The losses of the Austrians amounted to about 23,300, those of the French against 27,000 men. Marshal Jean Lannes, Duc de Montebello , had seriously injured a cannonball on both legs. One leg was still poorly amputated, but he finally succumbed to gangrene on May 31 in Kaiserebersdorf . In his bulletin , Napoleon described the course of the battle in such a way that he had repulsed the enemy completely, voluntarily broke off the battle in the middle of the victory and only ordered the retreat on the 23rd. But the truth got through and aroused disquiet in Paris, new hopes and belief in Prussia joining the alliance against Napoleon in Tyrol and northern Germany . Archduke Charles did not dare to take advantage of the victory, to move quickly to the right bank, and to destroy the exhausted French before they received reinforcements, given the exhaustion of his troops and their lack of ammunition. He stopped in Marchfeld and contented himself with the fame of the Battle of Aspern, for having tremendously shaken the nimbus of Napoleon's invincibility.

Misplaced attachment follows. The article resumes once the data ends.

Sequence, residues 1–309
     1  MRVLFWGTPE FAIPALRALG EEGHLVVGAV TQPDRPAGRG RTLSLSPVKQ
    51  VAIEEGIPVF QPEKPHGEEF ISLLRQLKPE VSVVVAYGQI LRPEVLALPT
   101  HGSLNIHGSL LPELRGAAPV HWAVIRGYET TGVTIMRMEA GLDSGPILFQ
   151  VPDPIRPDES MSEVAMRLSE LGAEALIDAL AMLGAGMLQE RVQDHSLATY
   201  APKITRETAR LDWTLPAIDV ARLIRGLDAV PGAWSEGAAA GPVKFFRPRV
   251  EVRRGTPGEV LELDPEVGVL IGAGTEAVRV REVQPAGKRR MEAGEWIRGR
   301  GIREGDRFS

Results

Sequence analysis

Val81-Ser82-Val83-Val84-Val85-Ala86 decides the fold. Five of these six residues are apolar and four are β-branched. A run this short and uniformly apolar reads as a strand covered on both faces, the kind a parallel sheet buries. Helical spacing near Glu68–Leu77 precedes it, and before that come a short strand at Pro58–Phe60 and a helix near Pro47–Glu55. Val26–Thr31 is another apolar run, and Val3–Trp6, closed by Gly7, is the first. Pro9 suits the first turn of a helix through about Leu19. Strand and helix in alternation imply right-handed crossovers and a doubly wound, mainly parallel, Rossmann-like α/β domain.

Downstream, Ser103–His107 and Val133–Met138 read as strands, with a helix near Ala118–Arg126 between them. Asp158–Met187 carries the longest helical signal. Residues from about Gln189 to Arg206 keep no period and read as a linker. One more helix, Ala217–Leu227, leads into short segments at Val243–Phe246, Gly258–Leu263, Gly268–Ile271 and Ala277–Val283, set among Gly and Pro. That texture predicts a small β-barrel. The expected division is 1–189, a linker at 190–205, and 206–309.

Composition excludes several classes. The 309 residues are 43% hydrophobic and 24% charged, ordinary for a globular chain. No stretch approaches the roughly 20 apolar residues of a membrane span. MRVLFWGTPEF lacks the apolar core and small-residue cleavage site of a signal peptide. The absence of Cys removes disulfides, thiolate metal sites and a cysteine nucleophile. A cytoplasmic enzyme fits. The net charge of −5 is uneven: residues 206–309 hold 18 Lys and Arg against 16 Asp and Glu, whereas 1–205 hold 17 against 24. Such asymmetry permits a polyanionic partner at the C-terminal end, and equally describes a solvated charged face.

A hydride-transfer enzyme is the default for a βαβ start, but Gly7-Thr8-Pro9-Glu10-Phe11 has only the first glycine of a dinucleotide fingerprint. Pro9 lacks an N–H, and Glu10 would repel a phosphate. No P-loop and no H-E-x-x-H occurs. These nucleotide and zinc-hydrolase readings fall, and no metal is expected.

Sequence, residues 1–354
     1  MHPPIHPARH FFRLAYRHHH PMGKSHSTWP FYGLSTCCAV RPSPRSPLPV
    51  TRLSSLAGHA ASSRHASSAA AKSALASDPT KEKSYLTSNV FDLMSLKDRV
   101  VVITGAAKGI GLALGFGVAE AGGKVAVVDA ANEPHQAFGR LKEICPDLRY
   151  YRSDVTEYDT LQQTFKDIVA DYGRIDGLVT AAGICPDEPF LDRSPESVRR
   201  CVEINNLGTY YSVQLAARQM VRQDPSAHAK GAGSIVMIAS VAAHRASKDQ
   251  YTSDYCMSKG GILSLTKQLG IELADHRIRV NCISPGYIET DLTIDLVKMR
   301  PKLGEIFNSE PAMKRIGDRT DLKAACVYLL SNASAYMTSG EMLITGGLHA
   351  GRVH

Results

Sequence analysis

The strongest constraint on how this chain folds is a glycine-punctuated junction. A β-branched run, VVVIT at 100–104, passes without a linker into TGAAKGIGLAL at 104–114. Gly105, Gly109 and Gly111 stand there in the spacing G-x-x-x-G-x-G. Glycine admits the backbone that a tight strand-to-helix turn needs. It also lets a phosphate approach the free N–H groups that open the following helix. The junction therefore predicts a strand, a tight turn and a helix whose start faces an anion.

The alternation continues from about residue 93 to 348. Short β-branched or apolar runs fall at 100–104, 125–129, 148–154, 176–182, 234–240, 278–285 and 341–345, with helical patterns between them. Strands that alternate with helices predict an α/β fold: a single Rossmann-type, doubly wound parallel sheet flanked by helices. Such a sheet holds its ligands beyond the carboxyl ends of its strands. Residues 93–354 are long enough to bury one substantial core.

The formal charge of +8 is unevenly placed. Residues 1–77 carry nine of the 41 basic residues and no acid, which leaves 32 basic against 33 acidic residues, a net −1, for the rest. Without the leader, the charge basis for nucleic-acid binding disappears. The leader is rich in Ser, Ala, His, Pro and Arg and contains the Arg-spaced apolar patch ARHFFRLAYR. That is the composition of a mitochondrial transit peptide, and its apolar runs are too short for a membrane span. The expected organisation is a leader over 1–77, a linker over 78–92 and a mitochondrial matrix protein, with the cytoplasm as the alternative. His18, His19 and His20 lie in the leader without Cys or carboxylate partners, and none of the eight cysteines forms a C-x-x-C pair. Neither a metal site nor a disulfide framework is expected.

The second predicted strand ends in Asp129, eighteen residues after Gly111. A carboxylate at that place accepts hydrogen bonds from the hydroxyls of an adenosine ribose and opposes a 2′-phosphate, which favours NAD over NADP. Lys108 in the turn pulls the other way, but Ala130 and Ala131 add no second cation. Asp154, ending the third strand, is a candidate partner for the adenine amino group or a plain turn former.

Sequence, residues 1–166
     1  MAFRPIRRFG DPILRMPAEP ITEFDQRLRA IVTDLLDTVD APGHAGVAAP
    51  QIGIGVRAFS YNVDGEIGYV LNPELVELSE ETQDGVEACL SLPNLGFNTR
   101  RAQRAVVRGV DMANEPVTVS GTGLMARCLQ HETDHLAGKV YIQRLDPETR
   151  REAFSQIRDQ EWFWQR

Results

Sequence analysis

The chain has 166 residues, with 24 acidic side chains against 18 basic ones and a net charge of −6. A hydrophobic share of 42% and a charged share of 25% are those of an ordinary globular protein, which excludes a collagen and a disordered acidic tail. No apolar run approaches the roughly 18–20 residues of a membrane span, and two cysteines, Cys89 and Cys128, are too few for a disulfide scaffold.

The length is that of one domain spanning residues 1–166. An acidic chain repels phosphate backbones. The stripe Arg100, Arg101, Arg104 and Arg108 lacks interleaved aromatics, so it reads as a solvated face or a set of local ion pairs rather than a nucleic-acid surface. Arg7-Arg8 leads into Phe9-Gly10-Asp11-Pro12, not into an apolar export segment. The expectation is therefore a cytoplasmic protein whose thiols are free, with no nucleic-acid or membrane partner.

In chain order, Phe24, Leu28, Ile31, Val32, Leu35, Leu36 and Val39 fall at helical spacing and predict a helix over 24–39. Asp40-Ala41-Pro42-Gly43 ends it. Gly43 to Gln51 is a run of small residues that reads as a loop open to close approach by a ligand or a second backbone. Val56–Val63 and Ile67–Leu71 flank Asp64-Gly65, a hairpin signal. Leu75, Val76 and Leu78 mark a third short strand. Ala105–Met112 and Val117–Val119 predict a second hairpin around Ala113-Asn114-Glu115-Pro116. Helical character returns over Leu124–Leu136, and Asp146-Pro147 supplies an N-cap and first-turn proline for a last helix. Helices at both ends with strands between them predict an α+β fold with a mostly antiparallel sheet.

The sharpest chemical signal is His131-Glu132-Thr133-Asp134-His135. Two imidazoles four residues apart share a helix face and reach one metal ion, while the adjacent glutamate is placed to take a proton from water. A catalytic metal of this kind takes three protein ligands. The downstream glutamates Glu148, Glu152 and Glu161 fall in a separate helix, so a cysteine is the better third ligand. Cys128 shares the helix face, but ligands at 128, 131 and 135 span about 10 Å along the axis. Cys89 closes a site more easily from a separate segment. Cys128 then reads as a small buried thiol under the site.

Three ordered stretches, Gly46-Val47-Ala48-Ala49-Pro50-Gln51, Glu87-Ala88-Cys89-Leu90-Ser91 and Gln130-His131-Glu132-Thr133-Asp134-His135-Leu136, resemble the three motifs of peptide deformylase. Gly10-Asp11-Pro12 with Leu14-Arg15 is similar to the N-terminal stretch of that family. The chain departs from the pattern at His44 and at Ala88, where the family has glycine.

After the arrival of his Italian troops under Eugène de Beauharnais in early July, Napoleon was able to compensate for his numerical inferiority and still decisively defeat the Austrian main army on July 5th and 6th in the battle of Wagram and force it to peace.

See also

  • In the novel La Bataille (Eng .: The Battle ) by Patrick Rambaud (Paris 1997) the battle is told from a French perspective.
  • The Esslinggasse in Vienna was named to commemorate the battle.


  • Manfried Rauchsteiner : The Battle of Aspern on May 21 and 22, 1809 , Military History Series Volume 11, Österreichischer Bundesverlag, Vienna 1978.
  • Friedrich Jakob Heller von Hellwald : The campaign of 1809 in southern Germany , printed and published by C. Gerolds Sohn, Vienna 1864.
  • R .:  The enemy in front of Vienna. In:  Die Debatte and Wiener Lloyd , No. 196/1866 (Volume III), July 20, 1866, p. 1 below. (Online at ANNO ). Template: ANNO / Maintenance / ddb.